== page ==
August 23, 2012
In this article, we will take a closer look at the drivers of projects. Contrary to the opinions of a lot of people, cost-cutting is not the ultimate objective of Lean. You should focus on growth instead because Lean will then better contribute to the company's long-term objectives and thereby become an issue for the whole company.
Seen from the owners' perspective, most companies have two main goals:
The first is growth. By virtue of the fact that the company grows and increases market share, it becomes more valuable and more robust. The usual method of growing is by introducing successful new products, buying up competitors and using effective marketing methods.
The next goal is profitability. If the company is profitable, its value increases and the profits can go towards dividends or investment. The aim here is to create margin so that the profit per sold unit is as high as possible. The way towards increased profitability is usually via cost savings in the organization and bought-out items.
These two goals are obviously closely connected. By increasing growth, greater profitability becomes easier to achieve. It is estimated that a dollar of increased growth is twice as valuable as a dollar saved.
Is Lean only based on savings?
So the company's goals are growth and profitability. In what way does lean contribute to these?
With lean we concentrate on reducing waste, creating efficient solutions and increasing productivity. Therefore, we have to work mainly with the second objective – i.e. to lower the cost of goods sold and thus increase profitability. This is obvious – or is it?
I believe that the lean initiative must work towards both goals – i.e. both cost-cutting and the drive for growth. A lean project that is solely seen as a cost-cutting exercise will always take second place for top management.
Reduced costs are naturally always of interest, but measures that are considered to be capable of creating growth carry better leverage and, therefore, enjoy a different level of focus. If Lean is seen as a cost-cutting exercise, it will fall under the jurisdiction of production management, but will not be a major issue for top management. This is unfortunate because top management's support is essential to achieving the long-term approach necessary for the lean process. Lean will become a set of tools that production work with, but never a part of the corporate culture.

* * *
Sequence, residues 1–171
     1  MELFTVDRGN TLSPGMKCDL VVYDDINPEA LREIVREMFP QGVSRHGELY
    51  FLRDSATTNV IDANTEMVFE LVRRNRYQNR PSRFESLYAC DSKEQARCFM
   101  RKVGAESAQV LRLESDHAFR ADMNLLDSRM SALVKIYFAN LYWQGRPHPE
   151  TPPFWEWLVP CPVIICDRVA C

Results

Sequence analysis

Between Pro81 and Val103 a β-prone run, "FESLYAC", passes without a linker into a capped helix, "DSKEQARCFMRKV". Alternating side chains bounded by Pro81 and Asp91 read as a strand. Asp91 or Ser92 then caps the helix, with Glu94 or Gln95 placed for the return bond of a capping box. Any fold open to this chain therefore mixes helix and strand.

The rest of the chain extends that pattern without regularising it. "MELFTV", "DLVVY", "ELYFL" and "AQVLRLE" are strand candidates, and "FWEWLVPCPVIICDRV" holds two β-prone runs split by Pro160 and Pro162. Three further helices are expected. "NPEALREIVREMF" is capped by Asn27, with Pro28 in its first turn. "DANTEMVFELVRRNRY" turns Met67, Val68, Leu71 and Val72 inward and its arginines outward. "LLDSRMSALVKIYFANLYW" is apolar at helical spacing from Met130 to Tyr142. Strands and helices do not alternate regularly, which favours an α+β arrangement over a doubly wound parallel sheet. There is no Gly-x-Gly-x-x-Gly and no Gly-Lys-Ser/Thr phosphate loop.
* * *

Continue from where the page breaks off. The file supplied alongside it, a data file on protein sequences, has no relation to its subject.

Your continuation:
To start seeing Lean as a strategy for the entire company, the focus must, therefore, be shifted from pure cost-cutting to a "cost- and growth hunt". Here are five examples of how this change could be possible:
Firstly – improved quality. Lean improves quality, and improved quality means satisfied customers. Improved production quality is achieved using the lean method Jidoka, i.e. processes with built-in 100% inspection, and Poka Yoke which means mistake-proof production i.e. fool-proof methods that make it easy to do things the correct way. Kaizen, i.e. an effective improvement and a welcoming attitude towards exceptions will then lay the foundation for ongoing continuous improvement.
Secondly – lead times and reliable delivery. Lean improves the dependability of delivery and reduces lead times. In this way, fast deliveries can be promised, and adhered to, which is an order winner. By working with lean throughout the supply chain, you reduce the risk of disrupted supply due to shortfalls. Implementing TPM and making reliability the responsibility of the entire production organization you reduce the risk of delivery delays due to breakdowns.
Thirdly – Faster product introduction. Lean product developments and projects get products out to the market faster, with fewer faults. One example is the introduction of lean in product development and the projects department. This involves breaking down customer benefits and business sense to aims and key indicators for the project. Partial deliveries are tracked on a daily and weekly basis, and all deviations are used as input into continuous improvement. Faster product introduction with fewer errors can result in a significant increase in growth.
The fourth example – More effective selling. Lean can be introduced into the marketing- and sales organization. Charting progress, visualization, and automation creates a more effective sales organization that interacts with customers and other organizations in an improved way. Examples can be streamlining the quotation process and faster reaction to customer queries.
Finally the fifth – lean frees up resources for growth. Lean is about creating "lean" solutions (do not demand resources). Resources that are freed up should primarily be used for activities that promote growth. Perhaps an employee who previously worked in production could be used for technical sales support The employee responsible for telesales whose job has been automated can make customer visits and produce increased sales. Reduced inventory releases capital that can be used for long-term investments.
By Oskar Olofsson